It is very important to be clear about this in an age when, sadly, a number of the highest ministers in the Church give the sad example of not living up to what they are supposed to be teaching others, or by their actions condone behaviour that is condemned by the Church whose minister they are, or even teach in such a confused way that we do not know what they really believe. In the same passage of St Augustine just mentioned, he points out that it matters not whether the baptizer is Peter, Paul or Judas, it is one and the same Christ who baptises, one and the same Spirit who is given. And they same goes for all the other sacraments.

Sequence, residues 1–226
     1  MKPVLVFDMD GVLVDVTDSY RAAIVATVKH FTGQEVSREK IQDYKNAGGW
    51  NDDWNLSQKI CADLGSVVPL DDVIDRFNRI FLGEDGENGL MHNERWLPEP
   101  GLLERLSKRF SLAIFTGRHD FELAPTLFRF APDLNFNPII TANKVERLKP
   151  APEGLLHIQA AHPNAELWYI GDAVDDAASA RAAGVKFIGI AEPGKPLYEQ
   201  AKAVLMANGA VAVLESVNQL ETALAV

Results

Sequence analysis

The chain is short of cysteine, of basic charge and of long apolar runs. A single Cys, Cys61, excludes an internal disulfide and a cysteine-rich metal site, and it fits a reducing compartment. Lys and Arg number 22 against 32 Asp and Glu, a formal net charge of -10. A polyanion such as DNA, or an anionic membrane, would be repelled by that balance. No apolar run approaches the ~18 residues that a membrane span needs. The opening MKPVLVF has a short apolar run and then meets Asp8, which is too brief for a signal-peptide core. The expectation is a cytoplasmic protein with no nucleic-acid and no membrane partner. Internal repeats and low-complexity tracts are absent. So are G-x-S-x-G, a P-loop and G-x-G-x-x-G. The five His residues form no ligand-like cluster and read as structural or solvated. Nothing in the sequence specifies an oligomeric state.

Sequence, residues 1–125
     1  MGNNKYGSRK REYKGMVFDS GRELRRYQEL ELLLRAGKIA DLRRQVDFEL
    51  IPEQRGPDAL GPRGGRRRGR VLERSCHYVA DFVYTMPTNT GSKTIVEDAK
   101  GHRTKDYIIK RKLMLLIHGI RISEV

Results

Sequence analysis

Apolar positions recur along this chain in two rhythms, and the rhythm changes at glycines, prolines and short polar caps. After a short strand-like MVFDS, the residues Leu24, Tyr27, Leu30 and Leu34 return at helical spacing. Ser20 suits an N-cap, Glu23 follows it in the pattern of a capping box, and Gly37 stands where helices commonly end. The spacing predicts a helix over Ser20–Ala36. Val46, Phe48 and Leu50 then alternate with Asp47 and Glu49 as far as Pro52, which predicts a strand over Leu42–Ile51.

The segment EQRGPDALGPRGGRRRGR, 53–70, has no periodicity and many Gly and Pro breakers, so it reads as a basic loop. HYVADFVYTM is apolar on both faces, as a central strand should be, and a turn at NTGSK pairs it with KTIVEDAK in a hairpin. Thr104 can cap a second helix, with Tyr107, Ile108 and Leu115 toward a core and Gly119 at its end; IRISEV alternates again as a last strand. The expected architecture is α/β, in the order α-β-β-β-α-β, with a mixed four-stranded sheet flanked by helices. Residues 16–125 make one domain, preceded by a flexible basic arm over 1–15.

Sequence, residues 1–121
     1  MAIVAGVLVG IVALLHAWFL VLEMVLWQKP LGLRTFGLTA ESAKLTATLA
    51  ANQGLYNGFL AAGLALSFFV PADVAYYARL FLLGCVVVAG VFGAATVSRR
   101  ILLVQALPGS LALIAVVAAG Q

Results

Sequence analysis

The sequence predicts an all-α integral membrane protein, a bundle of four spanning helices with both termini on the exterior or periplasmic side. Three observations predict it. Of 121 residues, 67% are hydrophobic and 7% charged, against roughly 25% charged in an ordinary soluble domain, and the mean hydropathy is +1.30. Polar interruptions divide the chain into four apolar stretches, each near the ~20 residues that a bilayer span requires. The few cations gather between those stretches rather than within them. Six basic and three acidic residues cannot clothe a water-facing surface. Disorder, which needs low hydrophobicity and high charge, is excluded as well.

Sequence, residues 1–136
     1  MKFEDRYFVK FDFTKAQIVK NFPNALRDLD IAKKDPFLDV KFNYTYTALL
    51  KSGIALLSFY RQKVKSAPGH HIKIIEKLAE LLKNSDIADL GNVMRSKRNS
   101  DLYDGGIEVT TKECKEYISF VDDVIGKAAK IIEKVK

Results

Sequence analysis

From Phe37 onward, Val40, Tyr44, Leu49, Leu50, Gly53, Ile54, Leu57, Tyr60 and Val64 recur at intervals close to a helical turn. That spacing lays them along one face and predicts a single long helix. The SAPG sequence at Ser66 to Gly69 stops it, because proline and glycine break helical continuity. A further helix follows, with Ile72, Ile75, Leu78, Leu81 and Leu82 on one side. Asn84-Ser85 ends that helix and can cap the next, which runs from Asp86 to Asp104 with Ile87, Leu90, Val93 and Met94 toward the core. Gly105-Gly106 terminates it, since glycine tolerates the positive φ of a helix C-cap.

This also shows us that, even though Our Blessed Lord wanted to preserve us from the doubt as to whether or not the sacraments we receive are valid, He did not decide to preserve us from being under shepherds who are sometimes unworthy and scandalous. Judas had the fullness of the apostolic office as well as the other apostles. In Jesus’ name he performed miracles and cast out devils. And yet he fell prey to avarice and was lost and damned. The lesson for each of us is that we need not be concerned about whatever awful things may be said or done or even the personal unworthiness of Pope, Cardinals, Bishops and Priests. All we need to think about is that it is the Holy Spirit in person who is given to us in the sacraments that are given to us in and by the Church, this Church our Mother, whom we must never abandon, especially when she is mistreated and scandalised by those who are supposed to be her faithful guardians.